FFP is best known for its art spaces, most recently an addition to the Colby Museum in Maine, and college buildings from Otis to Princeton. But they got their start doing low-budget loft conversions for artists who anticipated the recent renaissance of downtown LA by thirty years. So they responded enthusiastically to the challenge of turning a 1920s PacBell service facility into a creative environment, as they had with the Bergamot Station tram depot. The building is an LA Historic-Cultural Monument and its windowless cement plaster walls and cast stone Churrigueresque portals were left untouched. The raw interior, with its concrete floor, exposed brick walls, and bow truss roof vaults was divided with minimal white walls that enclose nine classrooms, an assembly hall, computer library, learning lab, administrative offices and service spaces. The former service yard became a playground.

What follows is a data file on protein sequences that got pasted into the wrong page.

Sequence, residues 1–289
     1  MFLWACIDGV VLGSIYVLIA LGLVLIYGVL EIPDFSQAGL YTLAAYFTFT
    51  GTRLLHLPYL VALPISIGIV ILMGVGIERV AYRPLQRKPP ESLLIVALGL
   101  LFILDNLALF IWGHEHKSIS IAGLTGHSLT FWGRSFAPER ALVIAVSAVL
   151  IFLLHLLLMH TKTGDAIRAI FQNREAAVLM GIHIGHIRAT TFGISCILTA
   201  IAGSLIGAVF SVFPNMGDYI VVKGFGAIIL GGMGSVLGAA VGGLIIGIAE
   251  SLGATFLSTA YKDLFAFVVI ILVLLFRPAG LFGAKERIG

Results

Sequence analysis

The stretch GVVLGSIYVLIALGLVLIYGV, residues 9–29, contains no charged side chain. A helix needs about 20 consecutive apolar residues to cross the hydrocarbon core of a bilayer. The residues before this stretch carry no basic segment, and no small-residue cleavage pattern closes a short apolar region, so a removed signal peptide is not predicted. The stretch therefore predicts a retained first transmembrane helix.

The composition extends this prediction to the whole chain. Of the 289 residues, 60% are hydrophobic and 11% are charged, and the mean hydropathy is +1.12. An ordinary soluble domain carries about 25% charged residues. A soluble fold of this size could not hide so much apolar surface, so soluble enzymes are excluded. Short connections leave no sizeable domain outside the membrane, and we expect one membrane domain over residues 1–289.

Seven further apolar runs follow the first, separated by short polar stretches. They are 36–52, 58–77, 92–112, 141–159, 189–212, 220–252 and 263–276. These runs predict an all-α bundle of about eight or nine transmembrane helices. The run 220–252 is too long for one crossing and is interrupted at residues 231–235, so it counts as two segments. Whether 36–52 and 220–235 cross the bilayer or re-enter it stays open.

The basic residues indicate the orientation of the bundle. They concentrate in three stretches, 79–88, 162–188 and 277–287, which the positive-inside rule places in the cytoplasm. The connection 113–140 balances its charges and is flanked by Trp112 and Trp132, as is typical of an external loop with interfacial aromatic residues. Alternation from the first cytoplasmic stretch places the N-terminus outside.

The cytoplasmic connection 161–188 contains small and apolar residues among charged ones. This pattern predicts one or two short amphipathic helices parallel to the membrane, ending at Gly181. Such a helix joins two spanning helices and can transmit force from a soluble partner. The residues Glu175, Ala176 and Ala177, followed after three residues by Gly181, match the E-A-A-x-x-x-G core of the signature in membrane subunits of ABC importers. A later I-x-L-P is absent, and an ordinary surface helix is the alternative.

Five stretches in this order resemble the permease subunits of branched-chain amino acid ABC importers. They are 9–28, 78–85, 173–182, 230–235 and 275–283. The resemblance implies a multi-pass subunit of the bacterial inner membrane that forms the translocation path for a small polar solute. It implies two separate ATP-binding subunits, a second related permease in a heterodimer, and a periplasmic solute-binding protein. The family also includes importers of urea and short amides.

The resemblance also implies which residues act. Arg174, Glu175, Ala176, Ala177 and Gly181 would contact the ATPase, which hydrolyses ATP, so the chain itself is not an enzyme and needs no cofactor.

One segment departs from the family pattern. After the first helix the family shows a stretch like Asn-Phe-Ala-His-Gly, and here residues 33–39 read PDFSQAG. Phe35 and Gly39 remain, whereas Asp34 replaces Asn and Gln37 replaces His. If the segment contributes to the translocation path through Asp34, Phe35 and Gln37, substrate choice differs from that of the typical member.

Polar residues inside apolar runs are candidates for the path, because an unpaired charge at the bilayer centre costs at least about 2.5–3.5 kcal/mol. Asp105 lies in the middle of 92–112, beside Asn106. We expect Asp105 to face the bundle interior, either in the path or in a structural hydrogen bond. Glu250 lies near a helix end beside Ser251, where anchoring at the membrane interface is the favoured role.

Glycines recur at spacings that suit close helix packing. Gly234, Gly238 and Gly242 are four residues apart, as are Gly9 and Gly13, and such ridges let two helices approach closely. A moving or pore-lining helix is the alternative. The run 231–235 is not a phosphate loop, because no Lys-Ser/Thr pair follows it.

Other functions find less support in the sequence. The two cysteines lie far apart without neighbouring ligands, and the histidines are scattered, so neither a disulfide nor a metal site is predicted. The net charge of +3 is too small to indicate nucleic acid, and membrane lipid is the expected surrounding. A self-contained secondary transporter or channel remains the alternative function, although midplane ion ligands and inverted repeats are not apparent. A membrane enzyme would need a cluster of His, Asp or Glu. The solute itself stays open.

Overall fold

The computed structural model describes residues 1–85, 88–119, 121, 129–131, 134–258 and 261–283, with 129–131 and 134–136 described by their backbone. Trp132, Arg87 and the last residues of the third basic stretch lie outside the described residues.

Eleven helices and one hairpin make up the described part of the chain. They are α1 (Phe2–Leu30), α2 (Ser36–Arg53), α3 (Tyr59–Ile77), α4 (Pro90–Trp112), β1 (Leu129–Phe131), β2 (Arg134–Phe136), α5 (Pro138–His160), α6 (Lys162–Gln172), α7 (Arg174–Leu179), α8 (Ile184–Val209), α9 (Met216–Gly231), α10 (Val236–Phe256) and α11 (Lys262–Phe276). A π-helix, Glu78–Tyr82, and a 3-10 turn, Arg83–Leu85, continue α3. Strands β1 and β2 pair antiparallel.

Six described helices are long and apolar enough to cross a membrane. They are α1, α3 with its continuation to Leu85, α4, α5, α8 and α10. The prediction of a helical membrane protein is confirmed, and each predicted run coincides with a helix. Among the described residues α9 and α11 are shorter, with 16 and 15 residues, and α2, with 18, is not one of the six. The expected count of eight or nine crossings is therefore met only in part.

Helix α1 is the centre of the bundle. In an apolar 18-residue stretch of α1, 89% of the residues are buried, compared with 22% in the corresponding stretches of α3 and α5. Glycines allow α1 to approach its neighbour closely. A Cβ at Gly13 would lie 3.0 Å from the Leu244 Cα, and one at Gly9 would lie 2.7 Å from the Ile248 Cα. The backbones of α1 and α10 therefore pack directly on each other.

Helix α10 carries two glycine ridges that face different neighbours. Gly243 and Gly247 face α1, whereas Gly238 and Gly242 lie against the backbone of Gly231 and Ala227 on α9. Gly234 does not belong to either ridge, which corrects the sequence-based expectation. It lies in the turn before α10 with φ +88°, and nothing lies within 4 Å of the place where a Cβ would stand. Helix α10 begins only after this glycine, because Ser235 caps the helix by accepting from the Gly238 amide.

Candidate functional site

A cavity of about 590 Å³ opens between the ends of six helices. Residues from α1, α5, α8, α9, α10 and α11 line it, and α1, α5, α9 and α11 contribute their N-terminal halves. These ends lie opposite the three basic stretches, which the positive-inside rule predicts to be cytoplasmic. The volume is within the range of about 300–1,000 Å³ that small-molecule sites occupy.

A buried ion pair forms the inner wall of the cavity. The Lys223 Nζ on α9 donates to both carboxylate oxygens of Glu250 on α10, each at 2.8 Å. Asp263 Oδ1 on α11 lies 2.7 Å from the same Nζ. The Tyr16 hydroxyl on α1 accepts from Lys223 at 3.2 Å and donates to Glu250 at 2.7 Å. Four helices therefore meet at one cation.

Seismic reinforcement was a priority, and much of the budget was invested in a structural steel frame that exceeds the usual requirements for historic structures. Roof openings bathe the interior in natural light and are supplemented by industrial light fittings. Broad corridors run around three sides and down the middle, feeding into the assembly hall, which can be separately accessed for community events after hours. Bowed wood slats conceal the insulation inside the roof vault, incorporate sprinklers, and muffle noise. Cable trays are bracketed to corridor walls for easy maintenance of the extensive wiring.